Software and computing services will continue to grow faster than the rest of the economy.
That is the prediction of the 12th annual edition of the Holway Report, out this week. Analyst Richard Holway says companies with a strong market focus, such as outsourcers Capita and FI Group and accountancy software suppliers like Sage, "should continue to thrive."
However, IT staff agencies and companies dealing in commodities such as hardware or third party software "are likely to have a particularly bad time," he warns. When the software and computing services sector passes the Year 2000 spike, growth rates for the staffing sector will plunge to around five per cent compared to 29 per cent in 1998.
Overall, revenue growth in the industry will ease slightly in 1999, to 21 per cent from 24 per cent last year, levelling out at its historic norm of 12 per cent next year.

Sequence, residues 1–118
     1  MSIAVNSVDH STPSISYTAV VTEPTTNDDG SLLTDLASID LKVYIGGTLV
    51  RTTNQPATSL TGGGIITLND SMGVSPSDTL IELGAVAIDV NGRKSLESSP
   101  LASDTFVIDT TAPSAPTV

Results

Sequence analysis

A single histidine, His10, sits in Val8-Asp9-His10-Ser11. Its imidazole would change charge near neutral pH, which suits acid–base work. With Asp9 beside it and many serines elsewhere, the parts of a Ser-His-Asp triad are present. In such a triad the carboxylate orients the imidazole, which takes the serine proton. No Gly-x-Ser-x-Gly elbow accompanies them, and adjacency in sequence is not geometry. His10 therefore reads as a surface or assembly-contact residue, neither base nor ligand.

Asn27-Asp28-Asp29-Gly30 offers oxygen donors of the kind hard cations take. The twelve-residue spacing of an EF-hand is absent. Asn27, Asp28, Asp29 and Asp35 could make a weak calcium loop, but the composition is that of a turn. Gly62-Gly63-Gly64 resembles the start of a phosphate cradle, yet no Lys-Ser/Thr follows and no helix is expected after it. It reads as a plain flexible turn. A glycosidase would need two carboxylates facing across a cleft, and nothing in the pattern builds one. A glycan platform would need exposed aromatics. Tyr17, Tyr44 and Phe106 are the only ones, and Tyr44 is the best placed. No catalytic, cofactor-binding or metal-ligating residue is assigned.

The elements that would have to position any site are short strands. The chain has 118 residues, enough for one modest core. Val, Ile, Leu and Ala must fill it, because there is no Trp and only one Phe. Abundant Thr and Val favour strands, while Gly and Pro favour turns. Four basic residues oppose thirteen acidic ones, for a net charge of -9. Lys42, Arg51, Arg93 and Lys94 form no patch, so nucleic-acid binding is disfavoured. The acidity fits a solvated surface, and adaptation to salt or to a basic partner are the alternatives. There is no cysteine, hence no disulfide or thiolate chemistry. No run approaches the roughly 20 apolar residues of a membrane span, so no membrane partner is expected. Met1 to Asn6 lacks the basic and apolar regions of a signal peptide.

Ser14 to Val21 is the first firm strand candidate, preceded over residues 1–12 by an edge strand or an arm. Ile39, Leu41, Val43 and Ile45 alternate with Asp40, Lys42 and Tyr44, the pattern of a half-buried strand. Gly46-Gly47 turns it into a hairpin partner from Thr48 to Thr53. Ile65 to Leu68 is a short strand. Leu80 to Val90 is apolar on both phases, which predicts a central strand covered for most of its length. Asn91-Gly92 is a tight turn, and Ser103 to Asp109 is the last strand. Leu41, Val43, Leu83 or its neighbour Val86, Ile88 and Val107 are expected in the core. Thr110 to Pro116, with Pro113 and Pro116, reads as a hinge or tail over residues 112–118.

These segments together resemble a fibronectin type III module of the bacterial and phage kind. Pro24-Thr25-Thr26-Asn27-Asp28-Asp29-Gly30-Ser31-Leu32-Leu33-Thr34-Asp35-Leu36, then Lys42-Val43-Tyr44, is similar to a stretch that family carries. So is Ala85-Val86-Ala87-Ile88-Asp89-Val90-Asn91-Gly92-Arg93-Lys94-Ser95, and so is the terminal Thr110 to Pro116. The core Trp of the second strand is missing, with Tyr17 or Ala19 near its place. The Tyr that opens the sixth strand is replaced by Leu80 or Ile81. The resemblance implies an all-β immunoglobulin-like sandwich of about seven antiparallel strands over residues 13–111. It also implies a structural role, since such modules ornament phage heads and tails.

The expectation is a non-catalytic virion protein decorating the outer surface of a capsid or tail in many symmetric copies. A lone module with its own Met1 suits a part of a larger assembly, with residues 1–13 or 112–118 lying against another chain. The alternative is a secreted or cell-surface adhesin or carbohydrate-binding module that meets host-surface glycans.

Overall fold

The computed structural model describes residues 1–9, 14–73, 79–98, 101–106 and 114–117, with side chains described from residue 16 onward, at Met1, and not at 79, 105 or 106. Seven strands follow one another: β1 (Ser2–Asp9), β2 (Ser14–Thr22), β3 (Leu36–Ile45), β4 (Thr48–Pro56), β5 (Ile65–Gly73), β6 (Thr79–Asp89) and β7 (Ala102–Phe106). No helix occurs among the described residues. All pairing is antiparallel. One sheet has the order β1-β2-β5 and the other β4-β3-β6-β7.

The UK software and services market, "has even better growth prospects than Europe or the US," the report says. Growth will come from spend on Internet and ecommerce related developments and services replacing Year 2000 and euro spend next year.
UK companies such as Misys, Sage, Logica, RM and London Bridge have proven they can compete internationally in their chosen markets.
What the UK is lacking, Holway says, is a world sized software and services company such as EDS, IBM Global Services or Cap Gemini - although preliminary findings from this year's report show that the UK subsidiaries of each of these companies did extremely well.
IBM Global Services in the UK was, again, Holway says, the best performer in IBM worldwide, and Cap Gemini saw 54 per cent UK growth, boosting UK revenues to nearly £600 million.
Holway says that share price growth peaked in 1997/1998 and stands at just 17 per cent since mid April last year. Share price growth will level off and price/earnings ratios will return to more sustainable levels.
As a result, stock market flotations which were put off in the third quarter of last year due to market volatility, may be back on course.
For more stories see this week's issue of Computing
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